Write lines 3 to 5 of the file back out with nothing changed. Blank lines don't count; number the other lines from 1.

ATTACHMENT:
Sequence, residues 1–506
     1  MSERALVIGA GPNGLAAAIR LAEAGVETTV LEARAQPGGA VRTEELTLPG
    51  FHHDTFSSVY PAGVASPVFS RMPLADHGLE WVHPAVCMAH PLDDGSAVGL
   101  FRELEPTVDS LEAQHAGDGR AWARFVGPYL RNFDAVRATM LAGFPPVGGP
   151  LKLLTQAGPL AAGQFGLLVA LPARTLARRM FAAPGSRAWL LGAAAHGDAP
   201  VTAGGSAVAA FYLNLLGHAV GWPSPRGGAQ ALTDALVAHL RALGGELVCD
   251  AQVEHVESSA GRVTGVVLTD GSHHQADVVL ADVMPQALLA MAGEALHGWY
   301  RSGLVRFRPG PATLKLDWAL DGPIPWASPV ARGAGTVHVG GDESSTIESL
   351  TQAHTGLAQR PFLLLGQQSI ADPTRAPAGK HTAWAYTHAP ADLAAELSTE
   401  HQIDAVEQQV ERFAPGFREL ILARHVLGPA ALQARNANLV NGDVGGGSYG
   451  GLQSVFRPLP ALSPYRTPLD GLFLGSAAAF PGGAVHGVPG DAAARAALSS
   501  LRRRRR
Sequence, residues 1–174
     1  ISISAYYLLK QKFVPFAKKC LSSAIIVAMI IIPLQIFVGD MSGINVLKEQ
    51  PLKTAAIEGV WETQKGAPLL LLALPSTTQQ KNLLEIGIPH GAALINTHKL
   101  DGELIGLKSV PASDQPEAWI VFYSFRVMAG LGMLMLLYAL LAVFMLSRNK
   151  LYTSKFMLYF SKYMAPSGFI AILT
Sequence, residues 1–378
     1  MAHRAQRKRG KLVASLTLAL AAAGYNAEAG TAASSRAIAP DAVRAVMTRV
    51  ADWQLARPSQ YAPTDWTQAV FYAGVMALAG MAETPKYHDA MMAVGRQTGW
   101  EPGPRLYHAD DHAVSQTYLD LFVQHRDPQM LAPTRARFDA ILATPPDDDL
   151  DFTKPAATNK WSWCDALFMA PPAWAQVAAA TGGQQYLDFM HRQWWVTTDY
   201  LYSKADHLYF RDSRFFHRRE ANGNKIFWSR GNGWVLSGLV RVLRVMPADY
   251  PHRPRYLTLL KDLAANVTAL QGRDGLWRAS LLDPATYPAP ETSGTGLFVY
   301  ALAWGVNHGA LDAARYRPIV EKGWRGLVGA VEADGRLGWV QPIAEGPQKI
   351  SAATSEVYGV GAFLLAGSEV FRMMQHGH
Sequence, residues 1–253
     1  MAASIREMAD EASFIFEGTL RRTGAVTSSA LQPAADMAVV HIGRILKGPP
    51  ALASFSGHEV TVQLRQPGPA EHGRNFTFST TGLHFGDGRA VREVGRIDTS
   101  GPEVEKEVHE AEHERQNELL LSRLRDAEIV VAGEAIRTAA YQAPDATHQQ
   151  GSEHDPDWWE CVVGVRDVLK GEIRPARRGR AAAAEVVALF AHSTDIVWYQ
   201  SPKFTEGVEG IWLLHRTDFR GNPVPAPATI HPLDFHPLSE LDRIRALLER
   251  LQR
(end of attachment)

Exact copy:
    51  FHHDTFSSVY PAGVASPVFS RMPLADHGLE WVHPAVCMAH PLDDGSAVGL
   101  FRELEPTVDS LEAQHAGDGR AWARFVGPYL RNFDAVRATM LAGFPPVGGP
   151  LKLLTQAGPL AAGQFGLLVA LPARTLARRM FAAPGSRAWL LGAAAHGDAP